Monday, May 14, 2012


This is just an update or report on last night's supper.  I'd said we were planning to use a bread dough to make cake and a fruit tart, and that's what happened.  Extra dough was flattened, flavoured, rolled up, cut into lengths, and baked as cinnamon rolls.

I'm going to be talking about using bread dough for sweets in one of the workshops at the Kneading Conference West, being held north of Seattle in September (13th to 15th), and last night's pleasures were a reminder of how precious the baker's sweets tradition is.  With boxed cakes and easy access to baking powder and baking soda, many sweet bakers have not tried using yeasted dough to make cakes and tarts, but I'm saying they should, because it's fun, delicious, rewarding in lots of ways.

If this tempts you to try, here's the basic idea, to play with as you wish:
Make a dough of mostly wheat flour, using some whole wheat and/or some pastry flour if you want.. let it rise, then cut off about 3/4 pound (325 grams) dough for use in a tart.  Flatten it out with your finger tips, then spread on some soft butter, or grated cold butter, about 3 tablespoons (about 50 grams).  Fold or roll the dough up and then knead it gently to spread and incorporate the butter.  You can bake in a small baking sheet if it's heavy-weight, or in a large cast-iron frying pan.  So flatten it back out to a large rectangle or round, depending on what you're baking in, and set aside loosely covered to rest and rise a little.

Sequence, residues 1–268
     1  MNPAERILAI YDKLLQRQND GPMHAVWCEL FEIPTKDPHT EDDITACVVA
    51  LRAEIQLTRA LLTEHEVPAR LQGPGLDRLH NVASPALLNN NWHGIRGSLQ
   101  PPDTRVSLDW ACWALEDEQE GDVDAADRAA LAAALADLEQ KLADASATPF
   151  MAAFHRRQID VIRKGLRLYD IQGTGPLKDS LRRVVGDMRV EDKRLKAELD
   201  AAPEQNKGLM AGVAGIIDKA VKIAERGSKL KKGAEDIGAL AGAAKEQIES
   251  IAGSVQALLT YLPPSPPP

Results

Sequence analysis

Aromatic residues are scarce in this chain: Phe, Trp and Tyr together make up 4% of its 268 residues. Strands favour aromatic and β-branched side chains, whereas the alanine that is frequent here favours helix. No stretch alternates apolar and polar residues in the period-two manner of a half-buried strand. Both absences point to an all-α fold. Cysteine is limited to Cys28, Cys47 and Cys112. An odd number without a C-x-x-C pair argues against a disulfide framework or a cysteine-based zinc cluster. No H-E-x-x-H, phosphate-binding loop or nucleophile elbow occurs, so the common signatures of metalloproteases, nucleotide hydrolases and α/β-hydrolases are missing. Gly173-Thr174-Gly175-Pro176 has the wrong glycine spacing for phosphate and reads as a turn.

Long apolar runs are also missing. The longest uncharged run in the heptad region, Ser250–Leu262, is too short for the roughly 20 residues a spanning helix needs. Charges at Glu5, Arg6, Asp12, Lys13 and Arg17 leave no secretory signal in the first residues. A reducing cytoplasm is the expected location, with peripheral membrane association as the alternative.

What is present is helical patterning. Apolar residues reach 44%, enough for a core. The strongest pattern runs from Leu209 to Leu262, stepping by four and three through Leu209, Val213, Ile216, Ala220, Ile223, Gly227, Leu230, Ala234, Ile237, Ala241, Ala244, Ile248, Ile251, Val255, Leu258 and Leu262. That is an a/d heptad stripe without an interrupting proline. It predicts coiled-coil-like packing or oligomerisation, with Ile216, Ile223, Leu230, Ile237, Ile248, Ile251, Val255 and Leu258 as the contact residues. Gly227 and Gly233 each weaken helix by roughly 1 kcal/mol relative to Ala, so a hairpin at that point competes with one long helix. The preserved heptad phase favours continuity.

Preheat oven to 375 or a little more with a middle shelf in. Prepare your fruit (chop apples or pears or ...and add some sugar and toss; we used rhubarb, chopped, rinsed briefly several times in alternating hot and cold water).
In twenty minutes or so, prick the dough all over, add the fruit, but not any extra juice (reserve it for later), sprinkle on a little powdered clove or cinnamon if you want, and put in to bake.  When the crust-edge is golden it should be done, perhaps about twenty-five minutes.  These things vary.  Pour on a little of the reserved juice.  Serve after it's cooled and set for ten minutes.

Not hard, right?  And so delectable.

Instructions for using a dough to make kouignaman, the wonderful Breton butter cake, are in my book HomeBaking.  I'll do a descriptive recipe here at some point.  Or you could come to the Kneading Conference!  We did make a kouignaman yesterday, as well.  It's flavoured with a fabulous blend of (salted) butter and sugar and has a wonderful yielding texture.

1 comment:

Faye Levy said...

Oh, I love kouignaman. It is one of the most memorable pastries I learned during almost 6 years at La Varenne in Paris. We used a croissant-type dough but with sugar folded in with the butter. I'm going to have to look for Home Baking.